How to get around on dirt roads

RICHMOND, Va.

— You know the drill: You walk down the highway in a Jeep Cherokee, and you don’t really see the road at all.

You’re just looking at it.

But it’s not the same as being on a paved road.

That’s what happened to the two Virginia students who were killed on Monday when a semi hit them, killing the driver and two other passengers.

The driver was found at a local hospital with serious injuries.

One of the two students was a student at Hampton University, and the other was a college student from North Carolina, police said.

It’s not clear what led up to the crash, which occurred about 2:30 a.m. at an intersection in Virginia’s Shenandoah National Forest.

The crash is under investigation by the FBI, which said it was working to find out what led to the collision.

The vehicle was driven by an 18-year-old man, and police said the driver is in his 20s.

Hampton University President Scott Bixby said Monday morning that the students’ death is a “terrible tragedy.”

“The university is deeply saddened by the tragic loss of a member of our Hampton community and is offering our deepest condolences to the families of all those involved,” he said in a statement.

According to Hampton University police, the driver of the semi was identified as 19-year old Tyler Thomas.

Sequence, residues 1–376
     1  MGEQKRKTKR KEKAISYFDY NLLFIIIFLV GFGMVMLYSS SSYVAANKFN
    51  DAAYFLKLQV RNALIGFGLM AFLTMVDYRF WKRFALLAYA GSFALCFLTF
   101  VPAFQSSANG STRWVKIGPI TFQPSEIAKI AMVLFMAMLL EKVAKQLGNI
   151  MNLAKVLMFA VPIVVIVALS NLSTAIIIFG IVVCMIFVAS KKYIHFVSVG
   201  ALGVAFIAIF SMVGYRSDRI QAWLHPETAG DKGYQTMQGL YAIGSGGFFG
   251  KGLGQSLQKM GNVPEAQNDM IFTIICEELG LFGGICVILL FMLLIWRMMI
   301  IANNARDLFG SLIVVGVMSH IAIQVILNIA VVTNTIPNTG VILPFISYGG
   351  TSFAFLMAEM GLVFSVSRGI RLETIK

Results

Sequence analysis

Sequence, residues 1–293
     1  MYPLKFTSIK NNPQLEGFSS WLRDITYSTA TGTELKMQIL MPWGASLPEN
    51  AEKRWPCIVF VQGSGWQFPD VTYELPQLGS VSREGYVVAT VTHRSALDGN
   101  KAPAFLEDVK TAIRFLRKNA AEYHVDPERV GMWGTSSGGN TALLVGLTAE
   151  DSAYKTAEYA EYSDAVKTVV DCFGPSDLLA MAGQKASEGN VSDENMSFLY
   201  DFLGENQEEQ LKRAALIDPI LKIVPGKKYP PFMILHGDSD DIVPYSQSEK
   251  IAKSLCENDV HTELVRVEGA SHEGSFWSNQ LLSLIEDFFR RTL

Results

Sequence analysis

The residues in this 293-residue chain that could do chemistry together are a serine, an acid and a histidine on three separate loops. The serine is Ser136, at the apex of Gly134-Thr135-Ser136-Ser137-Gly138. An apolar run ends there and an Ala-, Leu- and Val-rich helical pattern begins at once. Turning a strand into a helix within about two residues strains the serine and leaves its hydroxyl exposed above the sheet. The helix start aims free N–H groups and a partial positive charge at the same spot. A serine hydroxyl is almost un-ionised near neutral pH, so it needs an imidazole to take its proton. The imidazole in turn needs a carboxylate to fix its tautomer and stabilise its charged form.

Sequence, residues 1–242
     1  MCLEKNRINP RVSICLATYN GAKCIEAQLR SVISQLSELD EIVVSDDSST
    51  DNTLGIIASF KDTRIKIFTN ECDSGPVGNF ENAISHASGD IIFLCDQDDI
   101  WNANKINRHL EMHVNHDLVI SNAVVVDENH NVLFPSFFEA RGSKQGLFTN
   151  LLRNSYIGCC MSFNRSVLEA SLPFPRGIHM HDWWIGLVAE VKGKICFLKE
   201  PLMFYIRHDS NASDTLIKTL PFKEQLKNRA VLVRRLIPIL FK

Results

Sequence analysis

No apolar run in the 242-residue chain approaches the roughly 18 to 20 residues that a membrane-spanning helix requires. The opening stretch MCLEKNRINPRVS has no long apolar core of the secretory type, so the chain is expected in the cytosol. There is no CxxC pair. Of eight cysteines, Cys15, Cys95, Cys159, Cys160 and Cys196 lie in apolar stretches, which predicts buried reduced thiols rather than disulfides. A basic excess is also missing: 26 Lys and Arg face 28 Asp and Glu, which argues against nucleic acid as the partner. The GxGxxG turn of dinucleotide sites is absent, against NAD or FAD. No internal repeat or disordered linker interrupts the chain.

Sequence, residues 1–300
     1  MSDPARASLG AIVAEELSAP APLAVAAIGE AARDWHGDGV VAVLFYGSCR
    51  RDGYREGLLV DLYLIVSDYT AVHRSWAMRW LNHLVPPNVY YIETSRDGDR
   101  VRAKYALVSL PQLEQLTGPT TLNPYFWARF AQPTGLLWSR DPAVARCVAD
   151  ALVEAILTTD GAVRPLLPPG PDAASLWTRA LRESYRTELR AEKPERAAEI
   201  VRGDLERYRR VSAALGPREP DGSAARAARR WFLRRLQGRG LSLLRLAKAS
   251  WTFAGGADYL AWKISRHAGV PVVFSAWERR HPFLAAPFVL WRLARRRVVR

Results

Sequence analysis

Police say he was driving a red Chrysler 300 with a Virginia license plate number “RX” and was traveling south on Interstate 86.

Investigators say the vehicle was traveling on a highway, which is defined as a highway “not a road.”

A statement from the Virginia State Police said Thomas was pulled over at a traffic light near the intersection with Interstate 85 in Shenandoagh National Forest, where he was stopped.

The semi was traveling in the southbound lane and the driver was pulled off the road.

Police said they are still searching for the driver, who was not immediately identified.

There is no word on a condition for the other driver.

A Virginia State Highway Patrol officer was also driving at the time of the crash.

Police said the officer told them he was traveling northbound on the shoulder when he lost control of the vehicle.

An FBI spokesman said the agency is assisting in the investigation.

“The FBI is committed to working with the local and state authorities in the search for the deceased driver,” he told ABC News.

Virginia State Police say they have received no reports of injuries to the students.

Watch out for gravel truck in Detroit

The gravel truck that went into the Detroit River to remove sand from a roadway is now stuck.

“I didn’t see it coming,” said Wayne County Prosecutor Steve Bagley.

The truck, a Diamondback, ran into a concrete barrier that was part of a gravel road.

The barrier was about two feet high and about 10 feet wide.

The truck went under the barrier and the barrier broke off.

The truck was loaded with dirt and debris and the concrete barrier fell to the river.

The gravel was sucked up by the river and carried downstream to the railroad tracks.

The concrete barrier was crushed, sending it into the river, according to the Michigan Department of Transportation.

A local water treatment company said they will try to remove the debris.

They will be using shovels and hand tools.